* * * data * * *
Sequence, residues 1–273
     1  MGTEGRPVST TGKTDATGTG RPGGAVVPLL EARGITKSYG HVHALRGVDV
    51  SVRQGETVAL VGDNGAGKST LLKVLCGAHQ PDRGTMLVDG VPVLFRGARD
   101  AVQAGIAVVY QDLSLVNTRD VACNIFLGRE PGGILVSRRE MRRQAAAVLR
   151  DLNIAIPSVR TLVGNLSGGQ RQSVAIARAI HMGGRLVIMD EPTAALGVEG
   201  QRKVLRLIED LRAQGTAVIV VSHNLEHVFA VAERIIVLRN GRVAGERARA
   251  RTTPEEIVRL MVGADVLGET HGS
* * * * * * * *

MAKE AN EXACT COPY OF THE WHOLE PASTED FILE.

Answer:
Sequence, residues 1–273
     1  MGTEGRPVST TGKTDATGTG RPGGAVVPLL EARGITKSYG HVHALRGVDV
    51  SVRQGETVAL VGDNGAGKST LLKVLCGAHQ PDRGTMLVDG VPVLFRGARD
   101  AVQAGIAVVY QDLSLVNTRD VACNIFLGRE PGGILVSRRE MRRQAAAVLR
   151  DLNIAIPSVR TLVGNLSGGQ RQSVAIARAI HMGGRLVIMD EPTAALGVEG
   201  QRKVLRLIED LRAQGTAVIV VSHNLEHVFA VAERIIVLRN GRVAGERARA
   251  RTTPEEIVRL MVGADVLGET HGS